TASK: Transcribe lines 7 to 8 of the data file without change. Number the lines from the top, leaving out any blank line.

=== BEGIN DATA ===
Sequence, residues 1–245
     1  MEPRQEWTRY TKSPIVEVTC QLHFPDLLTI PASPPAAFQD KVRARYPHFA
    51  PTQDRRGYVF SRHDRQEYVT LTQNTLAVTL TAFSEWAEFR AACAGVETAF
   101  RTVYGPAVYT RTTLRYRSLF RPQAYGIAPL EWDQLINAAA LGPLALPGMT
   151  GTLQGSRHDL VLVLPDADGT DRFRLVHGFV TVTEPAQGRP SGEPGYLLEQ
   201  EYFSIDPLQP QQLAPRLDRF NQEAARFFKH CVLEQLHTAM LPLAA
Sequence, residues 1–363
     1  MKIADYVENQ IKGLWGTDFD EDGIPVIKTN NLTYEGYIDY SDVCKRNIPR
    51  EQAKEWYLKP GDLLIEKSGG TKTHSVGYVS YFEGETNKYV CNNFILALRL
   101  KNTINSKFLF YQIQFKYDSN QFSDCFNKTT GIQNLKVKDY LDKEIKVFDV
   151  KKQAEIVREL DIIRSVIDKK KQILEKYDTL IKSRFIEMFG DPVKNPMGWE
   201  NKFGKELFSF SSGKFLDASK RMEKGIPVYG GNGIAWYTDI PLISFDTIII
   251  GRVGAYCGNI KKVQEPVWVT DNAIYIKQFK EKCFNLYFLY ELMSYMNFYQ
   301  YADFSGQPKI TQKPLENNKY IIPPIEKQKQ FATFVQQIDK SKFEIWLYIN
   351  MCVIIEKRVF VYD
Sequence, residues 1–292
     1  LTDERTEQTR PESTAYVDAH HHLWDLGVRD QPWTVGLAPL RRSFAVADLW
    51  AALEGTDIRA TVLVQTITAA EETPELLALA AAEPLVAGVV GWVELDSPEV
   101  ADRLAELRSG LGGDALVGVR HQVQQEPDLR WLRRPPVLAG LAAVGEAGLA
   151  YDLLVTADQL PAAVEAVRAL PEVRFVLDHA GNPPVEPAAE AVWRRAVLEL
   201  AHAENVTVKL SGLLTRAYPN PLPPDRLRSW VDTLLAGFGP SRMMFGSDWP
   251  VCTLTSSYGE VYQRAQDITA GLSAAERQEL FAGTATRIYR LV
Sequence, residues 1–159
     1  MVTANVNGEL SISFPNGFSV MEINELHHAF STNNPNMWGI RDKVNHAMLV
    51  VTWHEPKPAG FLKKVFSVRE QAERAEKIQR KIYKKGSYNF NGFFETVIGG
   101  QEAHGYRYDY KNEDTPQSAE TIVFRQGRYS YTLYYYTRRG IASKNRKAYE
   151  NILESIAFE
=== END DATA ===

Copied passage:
Sequence, residues 1–363
     1  MKIADYVENQ IKGLWGTDFD EDGIPVIKTN NLTYEGYIDY SDVCKRNIPR